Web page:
THE future of a pioneering access management business has never been brighter.

Worcester-based The Key Safe Company, which supplies police preferred key safes and security products, has secured several industry awards nominations.

Led by innovator David Ogden, whose catalogue of key safe inventions has revolutionised social care to name just one sector, Key Safe has been shortlisted for Entrepreneurial Business of the Year: up to £10m in the inaugural Security & Safety Entrepreneur Awards while David is up for Entrepreneur of the Year.

The winners will be announced at The Security Event at the NEC from April 30 to May 2 where Key Safe will exhibit some of its latest products.

And, just for good measure, the company has also been nominated for Employer of the Year in the 2024 Herefordshire & Worcestershire Chamber of Commerce Awards.

Irrespective of whether his company wins, the nominations are further validation, were it needed, that David made the right vocational decision as an inquisitive youngster growing up on the southerly outskirts of Birmingham.

Leaning on his entrepreneurial spirit, David would select items from his engineer father’s toolbox and sell them to his friends at school.

He and a friend acquired a photocopier which they used to print off flyers for the local chip shop and other small businesses in Rubery in what became a lucrative next venture.

David’s seminal moment in business came when he began to import key safes from US firm Supra as a sideline to his then-day job of selling Snap-on tools to garage mechanics.

He has sold more than £100 million worth of products since launching The Key Safe Company in 1996.

Based at Nunnery Park, Key Safe now employs around 30 people.

The business was originally geared towards the automotive industry, helping fleet managers and rental firms keep track of car keys.

But in recent years the company’s market-leading, police preferred products have been snapped up by more organisations within the care industry.

“We’re the only fully-active key safe company in the world really,” David said.

“We exist because there was a problem and I’ve solved it.

“Storing keys outside buildings to allow services to be delivered was a problem and it’s still a problem today.

"One of the most powerful scenarios is helping emergency services gain access to a secure home.

“If someone was to say ‘What’s the best thing you’ve done in your career or life?’, that’s the one for me.”

One particular product, the ark Tamo, is the world’s first mechanical key safe with more than nine million combinations.

It has achieved the highest Secured by Design police preferred security rating in its class from the Loss Prevention Certification Board.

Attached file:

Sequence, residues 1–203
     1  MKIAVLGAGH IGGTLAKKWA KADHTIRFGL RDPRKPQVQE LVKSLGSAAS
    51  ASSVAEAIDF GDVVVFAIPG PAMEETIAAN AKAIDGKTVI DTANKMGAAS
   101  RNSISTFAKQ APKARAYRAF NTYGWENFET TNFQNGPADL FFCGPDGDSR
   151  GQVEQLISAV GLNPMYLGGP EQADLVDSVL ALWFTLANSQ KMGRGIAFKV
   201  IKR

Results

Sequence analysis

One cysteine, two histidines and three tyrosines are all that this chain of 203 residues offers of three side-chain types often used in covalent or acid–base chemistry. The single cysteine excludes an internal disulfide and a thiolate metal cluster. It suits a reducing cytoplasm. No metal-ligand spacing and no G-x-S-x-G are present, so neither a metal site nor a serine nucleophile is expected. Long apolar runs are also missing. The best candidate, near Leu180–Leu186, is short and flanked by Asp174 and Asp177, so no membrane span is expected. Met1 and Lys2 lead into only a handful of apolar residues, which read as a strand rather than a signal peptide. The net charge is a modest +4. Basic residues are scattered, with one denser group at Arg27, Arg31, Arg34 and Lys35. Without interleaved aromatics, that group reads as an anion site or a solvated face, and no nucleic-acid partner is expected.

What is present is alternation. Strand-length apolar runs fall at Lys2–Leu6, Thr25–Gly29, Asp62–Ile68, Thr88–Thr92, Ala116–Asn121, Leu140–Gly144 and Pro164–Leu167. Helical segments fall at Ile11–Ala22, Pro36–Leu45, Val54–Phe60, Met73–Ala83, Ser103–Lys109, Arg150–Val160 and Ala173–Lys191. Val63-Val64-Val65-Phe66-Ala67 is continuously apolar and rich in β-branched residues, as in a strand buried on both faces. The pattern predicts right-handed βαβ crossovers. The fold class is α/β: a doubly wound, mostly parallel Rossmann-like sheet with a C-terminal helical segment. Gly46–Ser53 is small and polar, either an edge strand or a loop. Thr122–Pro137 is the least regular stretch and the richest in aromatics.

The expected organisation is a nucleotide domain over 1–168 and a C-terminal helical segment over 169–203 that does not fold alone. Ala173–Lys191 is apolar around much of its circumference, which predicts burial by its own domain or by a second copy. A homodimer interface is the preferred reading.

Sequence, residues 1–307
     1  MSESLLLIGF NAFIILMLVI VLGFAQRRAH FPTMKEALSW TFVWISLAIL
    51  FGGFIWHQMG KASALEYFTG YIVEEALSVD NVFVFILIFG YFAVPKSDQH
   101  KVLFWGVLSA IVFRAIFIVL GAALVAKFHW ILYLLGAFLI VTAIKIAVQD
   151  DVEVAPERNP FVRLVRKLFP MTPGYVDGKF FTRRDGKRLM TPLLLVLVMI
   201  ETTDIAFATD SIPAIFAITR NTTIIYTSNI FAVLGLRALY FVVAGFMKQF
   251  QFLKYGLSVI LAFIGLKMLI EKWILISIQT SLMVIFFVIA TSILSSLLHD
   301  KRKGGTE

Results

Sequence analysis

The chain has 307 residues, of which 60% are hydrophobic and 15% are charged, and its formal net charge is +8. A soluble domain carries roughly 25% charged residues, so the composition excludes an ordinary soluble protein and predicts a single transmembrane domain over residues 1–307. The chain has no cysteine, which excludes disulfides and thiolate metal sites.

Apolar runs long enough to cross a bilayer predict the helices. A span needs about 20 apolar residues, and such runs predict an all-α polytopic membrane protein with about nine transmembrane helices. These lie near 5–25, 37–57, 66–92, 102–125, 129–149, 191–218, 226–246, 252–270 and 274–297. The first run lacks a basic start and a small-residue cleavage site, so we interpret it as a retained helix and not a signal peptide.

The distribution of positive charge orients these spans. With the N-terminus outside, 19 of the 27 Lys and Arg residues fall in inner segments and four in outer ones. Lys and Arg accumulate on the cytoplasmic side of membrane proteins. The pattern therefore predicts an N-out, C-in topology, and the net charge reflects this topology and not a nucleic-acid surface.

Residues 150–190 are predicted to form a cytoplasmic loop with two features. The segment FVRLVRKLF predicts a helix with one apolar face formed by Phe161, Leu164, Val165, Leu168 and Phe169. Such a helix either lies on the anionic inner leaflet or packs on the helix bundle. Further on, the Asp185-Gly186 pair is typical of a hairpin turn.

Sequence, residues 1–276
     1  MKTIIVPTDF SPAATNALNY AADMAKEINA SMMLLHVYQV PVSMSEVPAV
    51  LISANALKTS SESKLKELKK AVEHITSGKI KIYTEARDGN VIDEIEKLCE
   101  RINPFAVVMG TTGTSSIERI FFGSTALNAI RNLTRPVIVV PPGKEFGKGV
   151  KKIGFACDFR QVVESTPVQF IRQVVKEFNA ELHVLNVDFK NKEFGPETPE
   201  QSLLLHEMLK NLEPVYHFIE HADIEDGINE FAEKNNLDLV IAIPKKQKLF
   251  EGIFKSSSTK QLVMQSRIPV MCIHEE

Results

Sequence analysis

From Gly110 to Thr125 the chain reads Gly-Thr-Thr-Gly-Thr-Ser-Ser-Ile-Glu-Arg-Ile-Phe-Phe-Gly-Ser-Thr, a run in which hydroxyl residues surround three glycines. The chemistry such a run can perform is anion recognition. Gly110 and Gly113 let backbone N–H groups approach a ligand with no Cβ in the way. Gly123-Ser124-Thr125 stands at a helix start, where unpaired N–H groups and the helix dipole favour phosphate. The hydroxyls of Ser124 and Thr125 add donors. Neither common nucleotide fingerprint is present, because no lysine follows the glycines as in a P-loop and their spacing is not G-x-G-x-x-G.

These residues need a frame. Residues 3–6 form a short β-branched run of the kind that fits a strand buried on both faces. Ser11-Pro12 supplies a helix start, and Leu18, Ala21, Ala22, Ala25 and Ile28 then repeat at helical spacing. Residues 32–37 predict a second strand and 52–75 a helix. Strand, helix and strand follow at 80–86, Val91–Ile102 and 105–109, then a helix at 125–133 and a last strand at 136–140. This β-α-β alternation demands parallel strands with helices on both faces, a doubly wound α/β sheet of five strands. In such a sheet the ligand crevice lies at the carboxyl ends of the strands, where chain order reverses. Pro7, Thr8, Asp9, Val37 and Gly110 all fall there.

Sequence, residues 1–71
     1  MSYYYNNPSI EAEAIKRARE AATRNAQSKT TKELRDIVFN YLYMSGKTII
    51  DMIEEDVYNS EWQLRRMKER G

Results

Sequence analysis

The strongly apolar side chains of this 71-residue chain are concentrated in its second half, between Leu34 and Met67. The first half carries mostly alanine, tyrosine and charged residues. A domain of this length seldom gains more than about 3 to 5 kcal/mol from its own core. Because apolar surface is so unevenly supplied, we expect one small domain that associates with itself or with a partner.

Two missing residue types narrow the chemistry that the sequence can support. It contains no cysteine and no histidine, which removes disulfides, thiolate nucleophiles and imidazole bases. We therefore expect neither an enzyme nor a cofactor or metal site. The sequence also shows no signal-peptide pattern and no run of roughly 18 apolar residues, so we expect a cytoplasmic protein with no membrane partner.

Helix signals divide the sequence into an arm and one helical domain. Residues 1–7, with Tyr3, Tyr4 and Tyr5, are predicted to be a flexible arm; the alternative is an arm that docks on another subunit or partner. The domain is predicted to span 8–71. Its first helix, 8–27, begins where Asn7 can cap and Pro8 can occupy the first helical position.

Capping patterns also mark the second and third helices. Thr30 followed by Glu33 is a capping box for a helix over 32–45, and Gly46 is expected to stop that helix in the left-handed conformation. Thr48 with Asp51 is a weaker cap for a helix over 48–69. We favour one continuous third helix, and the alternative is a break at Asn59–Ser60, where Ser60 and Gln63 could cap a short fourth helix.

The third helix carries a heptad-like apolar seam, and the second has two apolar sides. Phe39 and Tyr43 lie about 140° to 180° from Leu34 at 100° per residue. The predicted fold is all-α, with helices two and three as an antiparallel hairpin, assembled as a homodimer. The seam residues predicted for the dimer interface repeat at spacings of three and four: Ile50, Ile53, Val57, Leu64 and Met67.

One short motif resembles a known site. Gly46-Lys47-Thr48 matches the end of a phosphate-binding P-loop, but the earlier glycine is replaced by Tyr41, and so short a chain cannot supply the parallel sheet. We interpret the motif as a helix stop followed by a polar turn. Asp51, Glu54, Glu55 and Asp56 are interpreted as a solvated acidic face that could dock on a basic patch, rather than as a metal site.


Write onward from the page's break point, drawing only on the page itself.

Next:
The firm’s robust, ultra-advanced key safes don’t just boast day-to-day convenience, they are quite literally helping to save lives.

“By working with the Telecare Services Association (TSA), enabling emergency call centres to store key safe info, they can share codes with the relevant people,” David added.

“That’s really powerful to me — to be saving lives. Enabling the GP to get in, the district nurse, carers, doctors, paramedics.

"Changing the way the care industry operates, forever, is the biggest success for me.

“I’ve saved social care a fortune because they would have to pick the bill up for people’s front doors being knocked down so paramedics can access.

"They would then have to put that person in a secure home overnight, maybe a hospital bed, because they’ve got nowhere else to put them and it’s not secure for them to be at home.”

David’s disruption of the industry mirrors, in some ways, the actions of his motorsport idol Sir Jackie Stewart.

The Flying Scot made headlines as a three-time Formula One world champion driver.

And, as a creative thinker and innovator, his calls to better protect drivers forged a lasting impact on the sport’s safety regulations.

“He was my hero,” David said. “The (motorsport) industry was full of naysayers about people dying unnecessarily and they said ‘Well it’s part of the sport’. They said he was retiring because he was scared of dying.

“Sir Jackie didn’t retire because he was scared of dying. He retired to improve the safety of his sport for the future. He actually spent the rest of his life trying to improve the safety of vehicles.

“He was a pioneer because he kicked those standards off. He thought outside of the convention and that is what I have tried to do to some extent.”

A huge petrolhead, David likes to ride in vintage cars at circuits across the country.

He recently raced around Goodwood in the type of Longbridge-made Mini David may well have worked on himself had his entrepreneurial drive not diverted him down a different track.

The Key Safe Company actively encourages people with questions about its many products to get in touch.

Information on how to do so can be found at